What do you want to be when you grow up? Wrong question, Javier said. The question should be, "Who are you becoming right now?" Youth and adults alike should have dreams and aspirations.

What is your vision of success? Names shot out like Jay Z, Donald Trump, Ellen DeGeneres, Bill Gates, Tim Tebow, Ophrah, and even one teen's mom. What do they all have in common? They're all adults. They're all famous and rich, with the exception of the mom--maybe.
"You've been taught to believe that to be successful, you've got to be an adult and be rich and famous," Javier said. "We have to retrain our brain to know what success truly is: Do what you love to do."

Each one in the group was asked to name three things they would do if money were no object. What sort of career would put you where you want to be, and how do you get there from here? Adults at each table were asked to suggest resources to help the young folks reach their goals.

Life as a Sports Metaphor

While everyone was still at the tables, Jason and Javier organized a game called "Come on, Six," a game of rolling the dice and hoping for a six to come up. That really got things moving. "You showed a lot of enthusiasm for a meaningless little game," Javier said. "Show as much enthusiasm when planning your life and you'll really get somewhere. We want to get in the game when it comes to making changes in our community. Bad news is interesting, but when you focus on something, it becomes bigger than it is. We want to focus on solutions here today. We believe you have the answers within you."

How Do You Make Your World Safer?

Youth and adults went to separate rooms to discuss things that make interaction between youth and police a challenge. From the many suggestions, common themes prevailed from the young folks' point of view: Lack of trust, lack of respect, negative attitudes, and stereotypes. The adults were busy formulating their own set of challenges during this time.

Everyone, youth and adults, then sat around on the floor in a large circle, ready to share ideas. Individuals spoke about how attitudes affect communication, how mutual trust and respect help, and how prejudging and basing assumptions on stereotypes is not helpful.

"When we are sick, we go to a doctor," Javier and Jason said, "because even though there are bad doctors out there, we still believe that going to a doctor represents our best hope of getting well. In the same way, we know that, by and large, most police officers are doing well, are conscientious, and they care about their families and you. They want any encounter you have with a police officer to be a safe and good one."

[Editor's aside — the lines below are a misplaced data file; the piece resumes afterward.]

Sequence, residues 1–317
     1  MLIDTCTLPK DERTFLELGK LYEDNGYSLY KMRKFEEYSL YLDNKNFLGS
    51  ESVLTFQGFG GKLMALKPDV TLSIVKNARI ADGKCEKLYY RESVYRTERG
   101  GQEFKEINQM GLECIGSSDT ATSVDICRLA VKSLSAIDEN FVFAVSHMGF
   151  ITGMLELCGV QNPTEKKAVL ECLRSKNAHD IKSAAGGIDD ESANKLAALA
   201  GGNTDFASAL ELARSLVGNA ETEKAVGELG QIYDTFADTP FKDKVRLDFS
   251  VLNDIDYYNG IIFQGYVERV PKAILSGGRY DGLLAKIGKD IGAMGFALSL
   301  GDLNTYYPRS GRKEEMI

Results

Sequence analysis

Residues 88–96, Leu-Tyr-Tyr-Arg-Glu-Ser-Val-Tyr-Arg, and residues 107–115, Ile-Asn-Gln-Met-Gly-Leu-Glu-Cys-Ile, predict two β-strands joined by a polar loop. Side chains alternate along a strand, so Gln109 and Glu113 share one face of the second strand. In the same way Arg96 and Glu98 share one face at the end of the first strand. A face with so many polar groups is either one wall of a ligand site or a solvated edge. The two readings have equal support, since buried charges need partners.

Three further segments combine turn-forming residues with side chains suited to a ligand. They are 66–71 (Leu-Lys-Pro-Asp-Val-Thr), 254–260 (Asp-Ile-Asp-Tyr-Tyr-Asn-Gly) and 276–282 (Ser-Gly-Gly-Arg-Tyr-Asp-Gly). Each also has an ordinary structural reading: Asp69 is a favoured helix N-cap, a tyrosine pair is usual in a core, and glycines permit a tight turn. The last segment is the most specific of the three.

The Traffic Stop Scenario

A little role playing helped illustrate some key concerns. Two officers cautiously approached a "stopped car" with four occupants. One of the officers described what he was thinking: many times at traffic stops a cop is shot, so there is good reason for caution. A cop is watching for concealed weapons, so he is on high alert. The police never want to have to use their weapons, even for self-defense. All parties should remain calm. Everyone's best weapon is the mind--use your head.

Another riveting bit of role play involved a policeman spotting a person who fit the description of a robbery suspect in the area. The officer approached the suspect, but was met with the suspect's belligerence which escalated the encounter to tense levels. Finally, with the officer remaining calm, he was able to relieve the suspect's fear enough to question him, and then determine he was not involved in the robbery.

What if You Are Stopped by Police?

To help ensure that a traffic stop, or a stop for questioning, will not escalate into drama, find a safe place to pull over, stay in your car, and keep your hands where the officer can see them. If you are respectful, it lessens your chance of being issued a citation. If you feel you have been treated unfairly, you can register a complaint later.

"The real deal is this;" Chief Mel Williams, head of security at Bethune Cookman College, said, "you will not win an argument with an officer on the side of the road, because the theme is safety. Don't try to argue or be a smart-ass. The police officer wants to be safe and will do what is necessary to ensure that. The uniforms don't make us super-heroes. We may do things you don't understand, but the most important thing is: Don't run. If you run, you give the officer a reason to take you into custody. If you resist arrest, that's another charge.

An Exciting Day of Information and Inspiration

We want our young folks to avoid trouble and be safe. We hope that the give and take between the youth and the police today will go a long way toward achieving that. Perhaps it will give the teens and the officers alike a fresh perspective when encountering each other. A PAL staffer ventured that if one person out of every ten left the rally with a desire to effect positive change in their schools, places of work, and communities, and shared it with others, then this day would be called a success.

Police Athletic League chapters represented at the rally were Brevard County, Cocoa, Coral Gables, Florida City, Fort Pierce, Homestead, Jacksonville, Lakeland, Lake Wales, St. Johns County, Ormond Beach, Palatka, Port St. Lucie, Satellite Beach, West Melbourne, and Patrick Stevens. Now go, and starting with each other, change the world.